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Hi. I'm trying to use a pointer by accessing the memory address which I only know the hexadecimal value. Is it possible to do that?

For example, I know the address of the pointer is 0x7ffee96f6d3c and I want to manually access it outside from an another .cpp. Then, I can use the pointer and know that the value of a is 123.

Thanks.

What I have tried:

#include <iostream>

using namespace std;

int main1(){

    int a;
    a = 123;
    int* ptr_a;
    ptr_a = &a;

    cout<<"Address of a : "<<ptr_a<<endl; //Address=0x7ffee96f6d3c

    return (0);
}


int main2(){

    int* ptr_a;
    ptr_a = 0x7ffee96f6d3c; //assuming can get the address

    cout<<"Value of a   : "<<*ptr_a<<endl; //able to know *ptr_a=123

    return (0);
}
Posted
Updated 22-Aug-22 9:41am
v2
Comments
Richard MacCutchan 22-Aug-22 9:12am    
What happens when you try it?
Josh_0101 22-Aug-22 9:19am    
Hi. For main1() it can be run but for main2() it's just to illustrate the concept and the expected outcome.
Richard MacCutchan 22-Aug-22 9:29am    
Yes I understand that. So go ahead and test it and see what results you get.
Josh_0101 22-Aug-22 10:14am    
I got error: invalid conversion from ‘long int’ to ‘int*’ :(
Richard MacCutchan 22-Aug-22 10:23am    
Try this:
ptr_a = (int*)0x7ffee96f6d3c; 

You can do this within the same program (process), but most platforms prevent one process from reading the data of another process. To do that, you'd have to use a system call to make the memory accessible to another process.
 
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Comments
Josh_0101 22-Aug-22 10:08am    
Hi, the main1() compiled in a .dll while the main2() compiled in another .dll and in the end they are running in the same application. It's considered as within the same program(process), right? If yes, how can I achieve this part? ptr_a = 0x7ffee96f6d3c; Thanks.
Greg Utas 22-Aug-22 12:11pm    
I only use static libraries, not DLLs, so I'm not really the one to answer this question. I believe that the DLL will be mapped into your process's address space, but where? You wouldn't be able to hard-code the address, but you might be able to get it from an interface that the DLL provides. Here is a link that I found:

https://docs.microsoft.com/en-us/windows/win32/dlls/using-shared-memory-in-a-dynamic-link-library
Dave Kreskowiak 22-Aug-22 14:03pm    
Why would you do this? There is no legit reason some code in one .DLL would need to look at memory used by code in another .DLL. To do so would be breaking encapsulation and separation of concerns. Each .DLL project should be concerns only with it's own data, not the data of another .DLL.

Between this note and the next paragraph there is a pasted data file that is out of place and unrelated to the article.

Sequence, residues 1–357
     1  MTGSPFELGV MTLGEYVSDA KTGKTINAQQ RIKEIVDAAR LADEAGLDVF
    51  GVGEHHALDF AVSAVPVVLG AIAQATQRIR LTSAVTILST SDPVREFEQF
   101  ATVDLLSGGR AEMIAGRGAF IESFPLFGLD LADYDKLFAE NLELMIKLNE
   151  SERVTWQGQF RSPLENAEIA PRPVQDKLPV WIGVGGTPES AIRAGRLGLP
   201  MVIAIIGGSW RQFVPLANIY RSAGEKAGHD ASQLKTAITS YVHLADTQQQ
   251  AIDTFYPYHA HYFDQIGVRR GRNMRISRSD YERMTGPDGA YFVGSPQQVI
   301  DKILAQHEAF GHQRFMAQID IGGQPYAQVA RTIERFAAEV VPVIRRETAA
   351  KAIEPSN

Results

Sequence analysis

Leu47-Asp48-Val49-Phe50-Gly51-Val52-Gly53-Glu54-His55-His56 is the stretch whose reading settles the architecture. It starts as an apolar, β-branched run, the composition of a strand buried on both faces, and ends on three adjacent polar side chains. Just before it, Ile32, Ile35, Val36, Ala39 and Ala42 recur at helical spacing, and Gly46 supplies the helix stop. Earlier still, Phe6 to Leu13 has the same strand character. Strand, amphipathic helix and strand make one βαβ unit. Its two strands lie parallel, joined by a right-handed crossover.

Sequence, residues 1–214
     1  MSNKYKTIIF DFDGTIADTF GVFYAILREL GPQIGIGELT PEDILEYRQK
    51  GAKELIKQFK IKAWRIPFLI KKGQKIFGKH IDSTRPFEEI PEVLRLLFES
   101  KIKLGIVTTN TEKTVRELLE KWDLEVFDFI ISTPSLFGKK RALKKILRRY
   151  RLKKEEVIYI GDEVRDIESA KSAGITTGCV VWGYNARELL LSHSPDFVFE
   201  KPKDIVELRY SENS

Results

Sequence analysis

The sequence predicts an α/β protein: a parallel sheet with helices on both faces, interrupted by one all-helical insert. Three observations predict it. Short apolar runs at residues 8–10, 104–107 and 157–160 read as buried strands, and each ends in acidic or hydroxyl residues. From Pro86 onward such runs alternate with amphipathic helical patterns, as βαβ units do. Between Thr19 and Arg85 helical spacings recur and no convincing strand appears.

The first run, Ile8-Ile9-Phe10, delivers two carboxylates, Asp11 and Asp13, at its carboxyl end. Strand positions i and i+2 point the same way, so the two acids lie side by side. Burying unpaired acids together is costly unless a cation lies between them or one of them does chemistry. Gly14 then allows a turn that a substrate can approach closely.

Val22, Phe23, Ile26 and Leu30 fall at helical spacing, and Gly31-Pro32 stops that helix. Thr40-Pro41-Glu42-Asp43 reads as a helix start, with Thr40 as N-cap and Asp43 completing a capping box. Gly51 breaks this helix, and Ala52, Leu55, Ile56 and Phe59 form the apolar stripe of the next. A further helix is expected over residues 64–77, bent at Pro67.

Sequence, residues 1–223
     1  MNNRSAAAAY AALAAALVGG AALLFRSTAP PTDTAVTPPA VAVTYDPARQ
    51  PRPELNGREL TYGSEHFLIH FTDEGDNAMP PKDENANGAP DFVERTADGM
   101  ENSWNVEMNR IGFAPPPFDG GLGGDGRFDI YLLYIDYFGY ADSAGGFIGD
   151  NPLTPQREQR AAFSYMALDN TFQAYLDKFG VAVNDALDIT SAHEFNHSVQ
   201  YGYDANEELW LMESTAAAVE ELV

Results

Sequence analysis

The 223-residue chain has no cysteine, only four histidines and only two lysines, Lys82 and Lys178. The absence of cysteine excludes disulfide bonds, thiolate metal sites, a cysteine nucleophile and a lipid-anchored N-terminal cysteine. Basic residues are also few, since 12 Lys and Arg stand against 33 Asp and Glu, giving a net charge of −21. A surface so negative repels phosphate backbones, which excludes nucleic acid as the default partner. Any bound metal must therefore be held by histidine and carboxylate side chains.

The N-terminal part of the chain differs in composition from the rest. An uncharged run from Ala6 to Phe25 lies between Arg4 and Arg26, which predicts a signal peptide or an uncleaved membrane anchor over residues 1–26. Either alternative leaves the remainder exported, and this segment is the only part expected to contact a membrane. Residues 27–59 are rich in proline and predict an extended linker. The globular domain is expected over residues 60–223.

Quote:
Can a pointer access based on a known memory address?
Yes, provided they are in the same process.
If you need to access it from another process then you are out of luck.
 
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Just to add to what Greg and Carlos have said ...

A hexadecimal address in a pointer is not a "real" memory address - the OS maps the real memory allocated to the process to a virtual address which is used by the pointers within the app.
So although two separate processes (think of that as "two apps running at the same time" but that's lies-to-children: an oversimplification) can use the same hexadecimal value in a pointer, they do not point to the same "real memory" - they point to virtual memory which is translated to different blocks of real memory by the OS.
If this wasn't the case, then pretty much all apps would immediately and continuously corrupt each other's memory and would crash in short order!

If you want to share memory between processes, then you have to specifically request that at run time and arrange for the two processes to talk to each other. That gets complicated, and there are normally better ways to share information: Sockets for example are a lot more flexible and robust solution in most cases.
 
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How is it that you "know" that address? Normally, addresses of data items will change every time a program runs. If it is a physical address then you need to have acquired it through a driver and even it can change every time your program runs.

Note - this is with an OS that utilizes virtual addresses like Linux, Windows, and the Mac all do.

If this is a matter of acquiring a pointer in your process and making the DLLs know about it then you can pass an address to them through a function call. You can have a unique function for each DLL if you want but they will both need to be called.
 
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Comments
Josh_0101 22-Aug-22 21:22pm    
Hi. The address will be write into a .txt file by main1() and read by main2(). The part that I can't make it is using the string get from .txt file, convert the string to a class pointer.

May I know how to pass the address through a function call? Is it just a unique function that we purposely to pass the address only?
Rick York 22-Aug-22 21:37pm    
Yes, that's all it is.
Josh_0101 15-Sep-22 3:43am    
What if the condition not allow to create an unique function? Means that back to the question itself. Is it possible to deal with the known address in string and convert to a class pointer?
Quote:
I got error: invalid conversion from ‘long int’ to ‘int*’ :(

Modern OS are using 64 bits pointers, but integers are commonly 32 bits.
So conversion of a 64 bits pointer to a 32 bits integer lead to a loss of data.
You may need to use a 64 bits integer like "unsigned long long" or another pointer.
 
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Comments
Greg Utas 22-Aug-22 16:57pm    
The types uintptr_t, intptr_t, and size_t should be the same size as a pointer on the underlying platform.

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